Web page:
Connect with us

Europe

How the issues of migration and asylum are reshaping the politics of Belgium

Ahmad Abu Sen

Published

on

It was a big surprise for many people seeing the Belgian government break up after intensive negotiations between all parties involved. Mr. Charles Michel , the prime minister, representing the center-right and liberal parties supporting the UN Migration Compact on the one hand, Mr. Theo Francken (State’s Secretary for Asylum and Migration) and his N-VA-colleagues occupying ministerial posts within the government strongly opposing the Compact on the other hand. The NV-A (New Flemish Alliance) even threatened to leave the government if Mr. Michel insisted on approving the Compact, hoping that by doing such, Belgium would not approve the Compact or at least abstain.

Through his political career as a State’s Secretary for Asylum and Migration Mr. Francken demonstrated a very strict policy towards migrants and asylum seekers as well as refugees. By implementing extremely tough measurements, he hoped to limit the numbers of asylum seekers who choose Belgium as the final destination of their long often journey of hardship and misery.

Starting from discharging massive campaign  against refugees and asylum seekers in media, social media and even his own twitter account, executing one of the largest deportation action in Europe, to his putting a limit on the number of daily asylum applications by only allowing 60 people per day submit such claim, the latter sparking widespread anger. All of these procedures aimed solely at making Belgium less attractive a country of destination for asylum seekers, as Mr.Francken himself expressed. The strategy he maintained throughout his time in office was and is a clear reflection of the party he represents, the N-VA which has recently used improper photos for its campaign which they took form a campaign launched by one of the notoriously well-known extreme right German party.

The clearly incoherent cabinet, later to be known as Michel I,  survived for almost 4 years with visible discordant voices, though. It all started with “marathonic” negotiations to form the new government in 2014. At the time the N-VA , the relatively new formed party , won the largest number of seats among other parties in federal Belgian parliament , beating the deeply rooted Belgian  parties like the Christian democrats, the liberals, the socialists and the green. Allied with the Christian democrats  and the liberals the new Flemish alliance could successfully form the new cabinet.

The newly formed cabinet, at the time, would soon be hit by a series of problems, migration wise, amongst which the huge influx of refugees in 2015, which some refer to as the ‘asylum crisis’, was the first one. Apparently there were different voices within the government on how to handle the matter. The right wing was overwhelmed by the public pressure  to present a humane solution for these poor people  in the Maximilian Park. The park , which will play a central role in the shaping of Mr.Francken’s migration policy at a later stage, was in 2015 a place where over the course of several months thousands of asylum seekers took shelter including elderly, women and children while awaiting their asylum claim to be registered.  A Park that over time has also become be synonymous to a different approach on migration.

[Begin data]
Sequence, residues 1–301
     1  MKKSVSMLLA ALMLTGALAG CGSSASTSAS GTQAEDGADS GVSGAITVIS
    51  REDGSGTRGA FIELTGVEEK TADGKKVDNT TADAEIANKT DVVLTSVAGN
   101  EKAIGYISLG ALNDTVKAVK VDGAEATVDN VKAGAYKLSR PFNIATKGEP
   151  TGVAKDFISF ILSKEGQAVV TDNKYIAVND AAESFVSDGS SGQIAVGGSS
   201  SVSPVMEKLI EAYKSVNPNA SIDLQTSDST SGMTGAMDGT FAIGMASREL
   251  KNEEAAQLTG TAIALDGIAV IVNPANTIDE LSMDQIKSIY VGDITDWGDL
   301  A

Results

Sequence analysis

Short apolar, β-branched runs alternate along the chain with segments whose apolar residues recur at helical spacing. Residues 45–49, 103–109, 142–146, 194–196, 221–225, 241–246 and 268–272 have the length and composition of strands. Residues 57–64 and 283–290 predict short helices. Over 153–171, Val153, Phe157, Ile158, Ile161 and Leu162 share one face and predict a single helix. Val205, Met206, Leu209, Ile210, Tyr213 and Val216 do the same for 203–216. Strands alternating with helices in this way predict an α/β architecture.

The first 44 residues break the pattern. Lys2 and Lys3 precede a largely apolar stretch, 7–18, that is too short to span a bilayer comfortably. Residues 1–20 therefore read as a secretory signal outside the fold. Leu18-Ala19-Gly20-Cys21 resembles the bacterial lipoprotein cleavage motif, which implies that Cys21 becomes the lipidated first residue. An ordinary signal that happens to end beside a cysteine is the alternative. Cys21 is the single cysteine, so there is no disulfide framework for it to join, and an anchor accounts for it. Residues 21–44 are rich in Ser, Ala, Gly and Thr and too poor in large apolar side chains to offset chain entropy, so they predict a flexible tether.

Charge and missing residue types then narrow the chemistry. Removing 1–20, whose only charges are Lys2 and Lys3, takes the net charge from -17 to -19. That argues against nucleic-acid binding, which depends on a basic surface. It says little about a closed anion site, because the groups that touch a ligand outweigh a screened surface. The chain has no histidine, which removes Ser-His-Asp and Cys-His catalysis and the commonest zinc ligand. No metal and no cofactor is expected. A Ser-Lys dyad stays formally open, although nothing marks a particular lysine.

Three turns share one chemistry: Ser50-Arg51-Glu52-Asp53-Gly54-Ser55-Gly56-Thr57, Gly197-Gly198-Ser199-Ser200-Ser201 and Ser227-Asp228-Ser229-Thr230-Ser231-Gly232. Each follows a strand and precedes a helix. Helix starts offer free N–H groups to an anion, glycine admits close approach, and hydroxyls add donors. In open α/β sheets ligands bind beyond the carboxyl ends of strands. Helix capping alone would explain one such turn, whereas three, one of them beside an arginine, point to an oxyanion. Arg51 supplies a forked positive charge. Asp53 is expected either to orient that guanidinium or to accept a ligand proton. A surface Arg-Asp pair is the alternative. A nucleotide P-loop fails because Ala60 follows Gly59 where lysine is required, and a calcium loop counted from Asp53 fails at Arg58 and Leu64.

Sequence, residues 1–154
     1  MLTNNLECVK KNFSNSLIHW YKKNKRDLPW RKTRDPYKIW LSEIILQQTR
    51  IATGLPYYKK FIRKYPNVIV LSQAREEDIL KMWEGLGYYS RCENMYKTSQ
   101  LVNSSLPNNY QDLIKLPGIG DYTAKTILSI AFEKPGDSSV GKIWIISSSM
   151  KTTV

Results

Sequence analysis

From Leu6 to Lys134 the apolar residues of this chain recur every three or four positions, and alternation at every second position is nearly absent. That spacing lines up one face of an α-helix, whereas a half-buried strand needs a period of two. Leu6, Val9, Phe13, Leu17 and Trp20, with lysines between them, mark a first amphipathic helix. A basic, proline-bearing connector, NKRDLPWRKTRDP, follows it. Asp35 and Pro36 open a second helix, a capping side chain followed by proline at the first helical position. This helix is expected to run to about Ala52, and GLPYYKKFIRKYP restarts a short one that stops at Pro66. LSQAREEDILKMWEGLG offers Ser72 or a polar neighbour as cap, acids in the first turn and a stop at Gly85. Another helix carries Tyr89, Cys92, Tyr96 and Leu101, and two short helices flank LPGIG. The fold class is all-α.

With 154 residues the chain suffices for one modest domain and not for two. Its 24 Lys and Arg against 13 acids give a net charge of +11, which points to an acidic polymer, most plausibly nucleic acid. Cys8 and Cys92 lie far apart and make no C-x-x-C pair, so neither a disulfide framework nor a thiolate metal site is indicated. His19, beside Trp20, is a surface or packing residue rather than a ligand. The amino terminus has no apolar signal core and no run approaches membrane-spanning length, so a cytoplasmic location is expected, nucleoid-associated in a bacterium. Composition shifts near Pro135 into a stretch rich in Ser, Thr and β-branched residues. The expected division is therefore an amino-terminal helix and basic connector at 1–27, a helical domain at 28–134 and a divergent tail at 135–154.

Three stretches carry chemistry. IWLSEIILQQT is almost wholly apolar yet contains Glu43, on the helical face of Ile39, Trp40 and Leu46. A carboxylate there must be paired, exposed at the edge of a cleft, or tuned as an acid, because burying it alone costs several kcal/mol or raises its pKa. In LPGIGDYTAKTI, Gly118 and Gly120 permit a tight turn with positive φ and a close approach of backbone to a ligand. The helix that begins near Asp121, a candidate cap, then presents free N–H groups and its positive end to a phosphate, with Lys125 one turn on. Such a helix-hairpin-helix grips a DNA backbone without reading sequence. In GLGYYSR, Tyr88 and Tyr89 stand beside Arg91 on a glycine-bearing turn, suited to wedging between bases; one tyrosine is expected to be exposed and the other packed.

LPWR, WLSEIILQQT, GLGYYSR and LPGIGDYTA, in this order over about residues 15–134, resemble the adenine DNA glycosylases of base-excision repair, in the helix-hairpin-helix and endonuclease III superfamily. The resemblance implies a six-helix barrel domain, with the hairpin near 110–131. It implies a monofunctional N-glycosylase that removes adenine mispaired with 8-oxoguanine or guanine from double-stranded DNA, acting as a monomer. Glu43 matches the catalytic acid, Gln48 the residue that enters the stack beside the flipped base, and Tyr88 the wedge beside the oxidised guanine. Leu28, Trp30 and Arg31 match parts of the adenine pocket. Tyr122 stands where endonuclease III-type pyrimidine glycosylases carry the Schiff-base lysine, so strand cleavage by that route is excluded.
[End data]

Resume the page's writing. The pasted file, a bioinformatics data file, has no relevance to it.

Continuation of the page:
Soon after the biggest influx of asylum seekers in the history of the Belgian kingdom, a phenomenon that had existed  for decades started to draw public attention, the phenomenon of transmigration, people on the run who are in Belgium but only plan to stay there temporarily awaiting a change to get to the United Kingdom or another European country. The Maximilian Park became a meeting point for these people on the run who are mainly originary from Eritrea, Sudan and Ethiopia and who range from young children (as young as 12 years old) to grown-up men and women. Being forced out if their little tents in Calais and Dunkirk, they found themselves in the heart of the Belgian capital, profiting from the presence of international bus lines at the nearby Brussels-North railway station to try and get to the United Kingdom clandestinely. Or using the national railway network to get to local ports or highway parking lots to get aboard lorries or containers, hoping these would set course for the United Kingdom. Living conditions in the Park being in human, soon a citizen’s platform of hundreds of families willing to offer a place to eat and sleep to these people on the run emerged. This initiative was wildly criticized by the right wing and hardliners in the country . The police force was on high alert especially in the surroundings of the Park and the earlier mentioned Brussels North station.

New tough measurements were introduced including a wide spread man hunt for the (transmigrants) by the police, a scheme which was designed by both the Home Office and the State Secretary for Asylum and Migration. The photos of young men handcuffed ignited public outcry asking for a humane solution rather than arresting the unknowing migrants.  In the meantime Mr. Francken was bringing up even more sensitive issue for the public. With his broad scheme of deportation and his record number that no minister of migration has reached before, he began to lock up asylum seekers who failed to get their claims accepted by authorities as well as people who stay in Belgium illegally in detention centers as a step to deport them to their homeland soon after. A step which was widely criticized keeping in mind that families with children were also locked up.  The European supreme court issued a statement that this step contradicts the European laws and firmly stated that (you cannot lock up children in detention centers).